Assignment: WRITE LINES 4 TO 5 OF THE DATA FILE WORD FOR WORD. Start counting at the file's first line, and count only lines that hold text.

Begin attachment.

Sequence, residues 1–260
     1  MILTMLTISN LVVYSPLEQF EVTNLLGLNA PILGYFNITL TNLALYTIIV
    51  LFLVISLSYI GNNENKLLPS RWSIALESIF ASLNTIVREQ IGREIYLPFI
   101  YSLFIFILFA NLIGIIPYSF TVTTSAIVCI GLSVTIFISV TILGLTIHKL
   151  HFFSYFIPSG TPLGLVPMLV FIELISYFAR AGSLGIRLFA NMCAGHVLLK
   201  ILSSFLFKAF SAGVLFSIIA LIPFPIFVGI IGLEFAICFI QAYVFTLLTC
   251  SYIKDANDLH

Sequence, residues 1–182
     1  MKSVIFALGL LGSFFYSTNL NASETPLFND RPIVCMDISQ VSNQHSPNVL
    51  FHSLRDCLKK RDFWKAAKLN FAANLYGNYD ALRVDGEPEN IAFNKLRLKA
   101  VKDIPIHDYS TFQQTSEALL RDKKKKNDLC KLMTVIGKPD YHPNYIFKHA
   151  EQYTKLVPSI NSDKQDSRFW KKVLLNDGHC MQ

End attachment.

   101  YSLFIFILFA NLIGIIPYSF TVTTSAIVCI GLSVTIFISV TILGLTIHKL
   151  HFFSYFIPSG TPLGLVPMLV FIELISYFAR AGSLGIRLFA NMCAGHVLLK